Rut season is nearly over in Oak Bay. (Oak Bay file photos)

Aggressive deer continue to menace quiet B.C. town

Resident deer continue to scare residents of upscale Island community

  • Dec. 5, 2018 10:00 a.m.

Oak Bay’s resident deer continue to terrorize citizens.

Last week police reported two boys were chased down Lulie Street by a large deer. Luckily, the boys were riding scooters and managed to escape unharmed.

Conservation officer Peter Pauwels said his office was not made aware of the incident. However, he did say that running away from deer displaying aggressive behaviour isn’t the best option.

“Back away slowly, don’t turn your back or run away,” Pauwels said. “Try and put something like a car or door between yourself and the animal.”

Unfortunately, that’s not always possible.

Sixty-two-year-old Pam Guilbault was knocked unconscious after being attacked by a large buck while riding her bicycle in Oak Bay on Nov. 21. The incident left her with a concussion and unable to move her right arm.

The municipality is moving forward with a birth-control program in conjunction with the province, but residents have concerns.

Thomas Pressello wrote to the Oak Bay News suggesting it might be time to cull or relocate the deer. But according to Mayor Kevin Murdoch, that’s not on the table.

“We don’t have any authority to touch the deer. They belong to the province,” explained Murdoch. “Our animal control is strictly for domestic animals. The police get involved if an animal is severely injured, but not for healthy animals.”

Murdoch expects to a see a report from the Urban Wildlife Stewardship Society with deer population estimates in the future, but until then it’s almost impossible to accurately guess Oak Bay’s deer population, he said. In the meantime it’s important that residents make the conservation office aware if they have any negative animal encounters.

“These incidents are a very good reminder that we can’t let this issue slide. It’s likely that immune contraception will be a solution long term, the harder question is what can we do in the short term.”


Like us on Facebook and follow us on Twitter

Just Posted

Centennials end Trail Smoke Eaters’ win streak

The Trail Smoke Eaters lost a close 6-4 match to the Merritt Centennials on Saturday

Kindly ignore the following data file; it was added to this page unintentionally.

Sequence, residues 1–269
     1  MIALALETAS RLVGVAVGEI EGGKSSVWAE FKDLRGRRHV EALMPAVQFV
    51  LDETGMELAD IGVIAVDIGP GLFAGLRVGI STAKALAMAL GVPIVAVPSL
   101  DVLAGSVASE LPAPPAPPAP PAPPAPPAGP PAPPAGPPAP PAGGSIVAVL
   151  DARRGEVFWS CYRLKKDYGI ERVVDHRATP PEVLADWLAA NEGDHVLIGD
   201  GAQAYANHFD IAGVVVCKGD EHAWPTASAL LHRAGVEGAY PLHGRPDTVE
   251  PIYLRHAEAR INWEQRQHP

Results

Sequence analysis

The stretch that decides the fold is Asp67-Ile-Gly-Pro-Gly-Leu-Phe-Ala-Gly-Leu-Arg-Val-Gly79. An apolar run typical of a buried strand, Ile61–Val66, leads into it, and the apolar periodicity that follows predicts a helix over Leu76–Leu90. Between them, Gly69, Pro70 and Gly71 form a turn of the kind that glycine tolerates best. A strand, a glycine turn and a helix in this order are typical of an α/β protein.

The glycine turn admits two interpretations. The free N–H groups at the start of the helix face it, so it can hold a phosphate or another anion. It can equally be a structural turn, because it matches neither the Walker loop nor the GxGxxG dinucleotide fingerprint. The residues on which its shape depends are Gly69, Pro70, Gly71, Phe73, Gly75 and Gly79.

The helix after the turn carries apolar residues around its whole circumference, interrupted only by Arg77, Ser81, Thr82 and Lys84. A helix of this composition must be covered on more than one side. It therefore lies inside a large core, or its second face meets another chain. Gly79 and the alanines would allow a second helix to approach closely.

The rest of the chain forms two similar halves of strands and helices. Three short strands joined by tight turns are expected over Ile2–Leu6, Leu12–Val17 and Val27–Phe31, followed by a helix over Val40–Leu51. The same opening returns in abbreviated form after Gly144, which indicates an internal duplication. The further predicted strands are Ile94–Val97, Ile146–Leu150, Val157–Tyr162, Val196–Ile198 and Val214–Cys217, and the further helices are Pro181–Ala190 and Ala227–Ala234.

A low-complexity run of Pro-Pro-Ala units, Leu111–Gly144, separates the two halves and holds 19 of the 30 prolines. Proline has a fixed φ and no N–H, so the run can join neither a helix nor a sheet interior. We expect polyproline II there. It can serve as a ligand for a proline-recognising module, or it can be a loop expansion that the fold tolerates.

34 Columbia Basin projects to get kids active

Columbia Basin Trust gives over $500,000 in PLAYS Capital Improvement Grants

Itty bitty art

VISAC Gallery is located in the basement of the Selkirk College building in downtown Trail

Free Family Day fun for Greater Trail

Public skating in Rossland and Trail are a few of the free offerings for families this weekend

Province announces $23 million for upgrades at Kootenay Boundary Regional Hospital

West Kootenay-Boundary Regional Hospital District Board has yet to review the provincial proposal

B.C. students win Great Waters Challenge video contest

Video, mural and song about saving the salmon claims the top prize

B.C. athlete takes home gold in freestyle aerials at Canada Games

Brayden Kuroda won the event with a combined score of 121.65.

Cabinet likely to extend deadline to reconsider Trans Mountain pipeline

New round of consultations with Indigenous communities is coming

B.C. government provides $75,000 towards salmon study

Study looks at abundance and health of Pacific salmon in Gulf of Alaska

Murdered and missing honoured at Stolen Sisters Memorial March in B.C.

‘We come together to make change within the systems in our society’

UBC researchers develop inexpensive tool to test drinking water

The tricoder can test for biological contamination in real-time

Disgraced ex-Congressman Anthony Weiner released from prison

He was convicted of having illicit online contact with a 15-year-old North Carolina girl in 2017

B.C. communities push back against climate change damages campaign

Activists copying California case that was tossed out of court

Most Read